One thing I enjoy doing perhaps a bit more than I should is buying Wuyi oolongs, trying them, and then hanging on to them for an extended period of time to see how the roast settles. Unfortunately, I sometimes forget about teas and they end up in a tote or at the back of one of my tea cabinets just waiting to be cracked open and sampled. Such was the case with this tea. I bought this and the 2016 Qilan Light Roast at the same time, drank the other, and then shelved this one. I discovered it late last week, and since I had not consumed any Wuyi oolongs this month, I decided to focus my energies on it. What I found was utterly delightful. The tea was super mellow, the roast was nice and focused, and it had a wonderful, lasting complexity.
I prepared this tea gongfu style. After a quick rinse, I steeped 6 grams of loose tea leaves in 4 ounces of 205 F water for 5 seconds. This infusion was chased by 14 subsequent infusions. Steep times for these infusions were as follows: 8 seconds, 11 seconds, 14 seconds, 15 seconds, 20 seconds, 25 seconds, 32 seconds, 40 seconds, 50 seconds, 1 minute, 1 minute 15 seconds, 1 minute 30 seconds, 2 minutes, 3 minutes, and 5 minutes. Yeah, I decided to play around a bit with my preparation.
Prior to the rinse, the dry tea leaves emitted aromas of char, orchid, ginger, cinnamon, and berries. After the rinse, I found a stronger orchid aroma coupled with hints of narcissus, wood, vanilla, and vegetal impressions. The first infusion brought out a little more vegetal character on the nose. In the mouth, I found notes of orchid and narcissus up front that soon gave way to smooth notes of cream, vanilla, and fruit chased by touches of char and a rather grassy, vegetal impression. Subsequent infusions brought out stronger notes of cream, char, and vanilla. I also began to find impressions of leather, cinnamon, ginger, pastry, pine, moss, grass, minerals, roasted almond, aloe, rock sugar, wet stones, and sweet, jammy fruit notes that rather reminded me of a combination of red currant, gooseberry, and black raspberry. The tea grew woodier, more vegetal, and somewhat earthy as it went, though it never quite lost its fruity, savory, floral, and nutty qualities. The later infusions emphasized notes of minerals, earth, pine wood, cream, and wet stones that were balanced by a belatedly emerging popcorn hull note as well as impressions of flowers and roasted almond.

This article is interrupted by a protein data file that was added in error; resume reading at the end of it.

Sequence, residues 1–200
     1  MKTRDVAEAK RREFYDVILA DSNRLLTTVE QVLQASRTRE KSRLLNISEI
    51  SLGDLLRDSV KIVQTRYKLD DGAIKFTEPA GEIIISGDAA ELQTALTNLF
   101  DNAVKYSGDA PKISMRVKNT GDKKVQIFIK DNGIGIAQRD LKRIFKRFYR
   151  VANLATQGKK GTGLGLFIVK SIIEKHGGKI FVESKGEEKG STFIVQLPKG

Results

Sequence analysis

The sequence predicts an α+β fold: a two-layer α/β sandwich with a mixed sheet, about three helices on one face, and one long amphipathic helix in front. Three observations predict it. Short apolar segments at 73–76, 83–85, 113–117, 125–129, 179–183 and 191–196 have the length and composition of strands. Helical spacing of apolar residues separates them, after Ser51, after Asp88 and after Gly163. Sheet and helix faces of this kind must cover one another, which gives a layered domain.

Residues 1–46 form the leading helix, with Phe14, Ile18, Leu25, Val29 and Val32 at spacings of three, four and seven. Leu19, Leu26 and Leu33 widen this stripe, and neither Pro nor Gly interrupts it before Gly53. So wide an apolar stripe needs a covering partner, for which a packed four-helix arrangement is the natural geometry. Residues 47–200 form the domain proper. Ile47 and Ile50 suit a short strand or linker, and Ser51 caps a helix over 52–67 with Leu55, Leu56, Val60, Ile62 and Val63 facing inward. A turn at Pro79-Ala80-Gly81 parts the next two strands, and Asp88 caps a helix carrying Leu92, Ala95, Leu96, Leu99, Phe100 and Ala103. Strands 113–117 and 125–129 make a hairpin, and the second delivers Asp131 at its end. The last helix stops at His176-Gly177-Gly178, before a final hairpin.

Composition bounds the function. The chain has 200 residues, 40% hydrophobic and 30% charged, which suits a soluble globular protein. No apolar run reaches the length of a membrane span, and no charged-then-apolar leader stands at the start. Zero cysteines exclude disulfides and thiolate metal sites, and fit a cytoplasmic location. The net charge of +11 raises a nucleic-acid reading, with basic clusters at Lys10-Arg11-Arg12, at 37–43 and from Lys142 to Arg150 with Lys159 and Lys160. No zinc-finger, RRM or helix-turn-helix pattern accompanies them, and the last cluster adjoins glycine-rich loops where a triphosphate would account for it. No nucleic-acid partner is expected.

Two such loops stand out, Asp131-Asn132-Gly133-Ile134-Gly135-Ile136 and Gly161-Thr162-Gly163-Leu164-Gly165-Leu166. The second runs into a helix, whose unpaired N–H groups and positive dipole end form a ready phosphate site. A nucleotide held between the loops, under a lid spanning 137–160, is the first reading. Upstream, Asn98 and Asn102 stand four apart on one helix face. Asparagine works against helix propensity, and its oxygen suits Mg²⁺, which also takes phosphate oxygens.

This was a very nice tea with surprising depth, complexity, and longevity. I also dug its mellow, sneaky energy. That’s one thing I adore about Wuyi oolongs. They almost always give me a little pick-me-up, a slight boost in alertness, but they never seem to make me jittery or cause insomnia. I ended a day with a lengthy gongfu session of this tea and still slept well. That meant a lot to me. Anyway, back on track, this was a very good oolong. I can’t say much more than that.
Flavors: Almond, Char, Cinnamon, Cream, Earth, Fruity, Ginger, Grass, Leather, Mineral, Moss, Narcissus, Orchid, Pastries, Pine, Popcorn, Raspberry, Sugar, Vanilla, Vegetal, Wet Rocks